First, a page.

GALVESTON — I received a couple phone calls last week after writing about this year’s scaled-back NeighborWoods program, a effort by the Galveston Island Tree Conservancy to replant trees, and bring back shady avenues, to city neighborhoods.
Most of the calls asked how a person can get a tree of their own or get the program to come to their neighborhood (the answer: contact the conservancy at firstname.lastname@example.org).
But one caller, who managed to ferret out my cell phone number, wanted to let me know about her concerns about the replanting project.
The caller, who insisted on remaining anonymous, laid numerous charges against the conservancy’s policies, including that the organizers were not being respectful of landowner’s wishes (especially in cases where a home is a rental), that roots of the live oak trees being planted would ruin sidewalks and, most intriguingly to me, that new trees would attract an ark’s worth of critters to the island
The call culminated with an explanation that trees bring squirrels, squirrels bring snakes and snake bring hawks. Those hawks, said the caller, could begin dropping snakes on tourist’s heads — which would be bad for everyone.
Lest this be a potential hazard to public safety, I reached out to the conservancy about any complaints they received and a pair of forestry experts to ask about the dangers about adding new flora to an ecosystem.
“It is hard for me to think that trees in general could be bad for the island,” said Dr. Carol Loopstra, a professor of biotechnology and dendrology at Texas A&M. “In my opinion, even if having trees meant having rodents, it would be worth it.”
Loopstra said that while she prefers other species over the live oak being planted by the conservancy, she had never heard of their roots ruining pavement.
“Many trees can ruin pavement but the TAMU campus has hundreds of live oaks and I haven't seen that they are a problem,” she said.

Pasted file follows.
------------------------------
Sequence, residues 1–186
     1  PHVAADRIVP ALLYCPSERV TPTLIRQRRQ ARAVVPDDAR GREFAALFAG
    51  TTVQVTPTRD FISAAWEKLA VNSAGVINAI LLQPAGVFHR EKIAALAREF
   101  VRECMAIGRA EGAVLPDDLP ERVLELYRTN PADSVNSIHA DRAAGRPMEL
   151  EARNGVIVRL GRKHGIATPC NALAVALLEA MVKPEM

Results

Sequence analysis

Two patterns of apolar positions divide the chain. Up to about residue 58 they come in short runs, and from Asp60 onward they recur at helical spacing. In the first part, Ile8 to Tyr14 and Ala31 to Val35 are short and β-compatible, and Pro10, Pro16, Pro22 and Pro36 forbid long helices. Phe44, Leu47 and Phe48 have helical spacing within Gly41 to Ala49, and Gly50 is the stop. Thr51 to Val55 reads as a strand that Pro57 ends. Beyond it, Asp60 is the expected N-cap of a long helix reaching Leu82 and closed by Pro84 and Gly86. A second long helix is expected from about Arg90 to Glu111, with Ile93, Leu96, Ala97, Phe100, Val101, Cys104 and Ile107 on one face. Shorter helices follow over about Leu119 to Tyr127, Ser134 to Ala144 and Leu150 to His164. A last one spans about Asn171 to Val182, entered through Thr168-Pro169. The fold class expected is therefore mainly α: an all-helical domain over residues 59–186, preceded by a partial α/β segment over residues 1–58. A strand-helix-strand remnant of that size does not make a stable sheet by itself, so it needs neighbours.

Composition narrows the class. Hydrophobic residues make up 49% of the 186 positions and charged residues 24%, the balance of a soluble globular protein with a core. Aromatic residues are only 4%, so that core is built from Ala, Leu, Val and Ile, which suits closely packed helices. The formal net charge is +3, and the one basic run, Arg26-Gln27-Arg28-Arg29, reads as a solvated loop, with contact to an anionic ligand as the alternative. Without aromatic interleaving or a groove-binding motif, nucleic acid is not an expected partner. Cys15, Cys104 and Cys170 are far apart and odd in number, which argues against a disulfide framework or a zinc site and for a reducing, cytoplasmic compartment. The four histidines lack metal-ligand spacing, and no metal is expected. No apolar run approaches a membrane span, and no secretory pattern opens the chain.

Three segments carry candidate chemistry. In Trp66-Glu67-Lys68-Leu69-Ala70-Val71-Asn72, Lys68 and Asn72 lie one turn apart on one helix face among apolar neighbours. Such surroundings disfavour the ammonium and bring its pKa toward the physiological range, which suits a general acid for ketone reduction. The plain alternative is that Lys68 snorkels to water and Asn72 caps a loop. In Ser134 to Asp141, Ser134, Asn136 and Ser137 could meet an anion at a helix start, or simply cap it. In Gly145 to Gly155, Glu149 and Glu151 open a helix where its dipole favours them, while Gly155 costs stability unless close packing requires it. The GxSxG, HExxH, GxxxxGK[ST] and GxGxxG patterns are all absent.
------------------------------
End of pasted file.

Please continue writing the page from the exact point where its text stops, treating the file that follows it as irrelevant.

Pete Smith, the manager of A&M’s urban forestry program, said he worked with the city to help develop the list of trees that can be planted.
Smith said that infrastructure concerns were taken into consideration when the list of choices and guidelines were being generated. The planners went so far as to include trees that can be planted underneath power lines without having to worry about them growing too high.
As to the charge that more trees might bring more animals to the island, Smith said that’s kind of the point.
“The trees in Galveston are a critical habitat for birds and other animals in the Gulf Coast,” he said. Smith said that more animals would obviously result in more animal-related problems, but whether it would rise to the level of nuisance is up for debate.
(Unsurprisingly, there are few recorded instances of snakes escaping the clutches of a hawk only to land on the head of an unsuspecting person. Which is not to say the threat doesn’t exist. In 2001, a hawk in California dropped a 3-foot-long gopher snake on a power line, sparking a five-acre brush fire and threatening some luxury homes.)
As for complaint that landlords end up with trees on their property without having given permission to be there; the conservancy admits it can happen, but that they try to avoid it.
“We've insisted that if the resident wants a tree they must get permission from the landlord, and in fact, when we plant in front of rentals, most times the renters' names aren't on the response card,” Priscilla Files, the NeighborWoods organizer said. “Have we been 100 percent successful with that? Probably a couple of trees have slipped under the radar over the past three annual NeighborWoods, but by and large, that hasn't been an issue.”